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These 6 common habits are increasing your chances of getting Alzheimer's, according to experts

Posted September 5

Some causes are genetic, but research proves there are certain things you can control. (Deseret Photo)

Having a family member with Alzheimer’s feels like losing them over and over again. You remember your love for them, and their love for you, while they have no memory of it.

Alzheimer’s disease is the most common form of dementia, and its effects are irreversible, according to Mayo Clinic. This means that your symptoms will continually get worse. These symptoms can include:

- Confusion

- Memory loss

- Challenges communicating or recalling words

- Challenges with problem-solving

- Difficulty with organizing

- Depression

- Change of personality

- Anxiety

- Hallucinating

- Agitation

- Challenges with fine motor skills

More research is necessary to truly understand the disease, but current research says these habits can heighten your risk of Alzheimer’s:

1. Drinking a lot of alcohol

If you are drinking more than two and a half alcoholic drinks a day, beware. A study in the medical journal "Neurology," found that middle-aged men who drank more than two and a half drinks a day developed memory loss and mental decline six years earlier than those who either didn’t drink at all, or were light drinkers.

2. Pulling all-nighters

Not getting enough sleep creates a whole slew of problems -- and heightened risk of Alzheimer’s is one of them, according to brain scientist Jeffrey Iliff.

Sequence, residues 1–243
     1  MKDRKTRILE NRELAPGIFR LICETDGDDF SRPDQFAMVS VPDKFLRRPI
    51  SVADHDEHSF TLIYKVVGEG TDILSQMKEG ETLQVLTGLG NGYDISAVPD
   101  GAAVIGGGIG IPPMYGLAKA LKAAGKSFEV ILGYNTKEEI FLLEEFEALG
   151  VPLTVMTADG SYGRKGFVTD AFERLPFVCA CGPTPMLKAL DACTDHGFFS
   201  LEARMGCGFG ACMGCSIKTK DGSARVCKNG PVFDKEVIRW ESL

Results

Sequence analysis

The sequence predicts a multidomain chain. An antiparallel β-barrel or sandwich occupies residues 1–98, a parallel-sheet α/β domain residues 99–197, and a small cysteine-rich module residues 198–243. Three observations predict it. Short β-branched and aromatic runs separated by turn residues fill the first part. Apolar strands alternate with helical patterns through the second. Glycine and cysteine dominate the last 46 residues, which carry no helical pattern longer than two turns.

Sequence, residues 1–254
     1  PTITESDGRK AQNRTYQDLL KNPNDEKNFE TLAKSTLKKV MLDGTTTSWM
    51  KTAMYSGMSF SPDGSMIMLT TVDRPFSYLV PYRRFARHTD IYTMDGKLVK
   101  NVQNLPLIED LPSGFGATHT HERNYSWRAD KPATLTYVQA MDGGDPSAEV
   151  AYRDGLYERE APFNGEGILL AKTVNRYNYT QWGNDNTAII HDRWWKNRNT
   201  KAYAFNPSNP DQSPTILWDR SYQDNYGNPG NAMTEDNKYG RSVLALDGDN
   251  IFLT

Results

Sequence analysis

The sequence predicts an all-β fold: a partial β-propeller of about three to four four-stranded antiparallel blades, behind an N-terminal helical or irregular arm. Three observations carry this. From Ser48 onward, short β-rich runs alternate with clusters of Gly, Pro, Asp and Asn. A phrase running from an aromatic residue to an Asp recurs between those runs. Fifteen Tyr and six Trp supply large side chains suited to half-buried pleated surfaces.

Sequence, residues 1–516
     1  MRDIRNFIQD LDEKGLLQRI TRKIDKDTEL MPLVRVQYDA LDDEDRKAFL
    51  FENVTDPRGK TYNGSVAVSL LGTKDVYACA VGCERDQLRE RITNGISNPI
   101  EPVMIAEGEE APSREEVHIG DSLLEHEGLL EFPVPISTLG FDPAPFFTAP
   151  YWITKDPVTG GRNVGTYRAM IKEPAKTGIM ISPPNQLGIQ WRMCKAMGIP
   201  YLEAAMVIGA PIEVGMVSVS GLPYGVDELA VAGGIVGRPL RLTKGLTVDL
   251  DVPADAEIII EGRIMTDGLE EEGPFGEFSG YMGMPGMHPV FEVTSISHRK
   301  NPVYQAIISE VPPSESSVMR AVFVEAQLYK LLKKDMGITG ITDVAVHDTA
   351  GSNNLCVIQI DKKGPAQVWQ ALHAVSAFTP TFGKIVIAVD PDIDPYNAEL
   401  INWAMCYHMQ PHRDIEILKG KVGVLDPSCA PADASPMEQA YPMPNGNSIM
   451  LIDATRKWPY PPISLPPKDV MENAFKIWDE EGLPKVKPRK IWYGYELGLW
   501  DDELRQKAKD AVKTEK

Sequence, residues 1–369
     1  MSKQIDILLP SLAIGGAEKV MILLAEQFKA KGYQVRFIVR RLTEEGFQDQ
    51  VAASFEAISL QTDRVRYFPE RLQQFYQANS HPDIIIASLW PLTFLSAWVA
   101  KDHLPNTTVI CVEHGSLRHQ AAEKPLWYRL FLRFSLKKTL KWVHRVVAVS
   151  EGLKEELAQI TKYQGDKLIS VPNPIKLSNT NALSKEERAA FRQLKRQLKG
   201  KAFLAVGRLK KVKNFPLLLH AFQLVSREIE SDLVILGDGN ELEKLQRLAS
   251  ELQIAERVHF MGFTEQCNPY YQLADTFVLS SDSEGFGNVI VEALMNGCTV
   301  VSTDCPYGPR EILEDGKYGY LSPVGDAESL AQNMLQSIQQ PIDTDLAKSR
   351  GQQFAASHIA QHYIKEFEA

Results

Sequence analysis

Iliff told NPR that when you sleep, your brain cleans out toxins that are linked to Alzheimer’s. If you aren’t getting enough deep sleep, your brain can’t clear out all the garbage that it needs to.

3. Smoking

If you are still smoking … why? Aside from all the other deathly side effects that accompany this toxic habit, it doubles your risk for Alzheimer’s, according to WebMD.

4. Ignoring heavy snoring

One of the signs of sleep apnea is snoring (though if you snore it doesn’t necessarily mean you have sleep apnea). Sleep apnea prevents you from getting the oxygen you need while you sleep; so if you think you might have it, get it checked out.

5. Eating pasta, certain cheese and sandwich meat

Just like the rest of your body, your brain needs the right vitamins to keep it healthy. Eating too many of the wrong foods can create toxins in your body, which in turn creates plaque build-up and inflammation in your brain, according to Alzheimers.net.

Replace these harmful foods:

- Pasta

- White bread

- White rice

- White flour

- White sugar

- American cheese

- Sausages

- Cold cut sandwich meats

- Processed cheese (like Easy Squeeze and Laughing Cow)

- Margarine

- Microwave popcorn

With foods that feed your brain the nutrients it needs, such as:

- Vegetables (especially leafy greens)

- Berries or other dark-skinned fruits

- Salmon

- Chocolate

- Healthy oils (cold-pressed coconut oil and extra virgin olive oil)

6. Not wearing a helmet

According to the Alzheimer’s Association, there may be a strong link between those who have head injuries developing Alzheimer’s further down the road. Wear a helmet when doing anything that could result in head or brain trauma.

EMAIL: alovell@deseretnews.com

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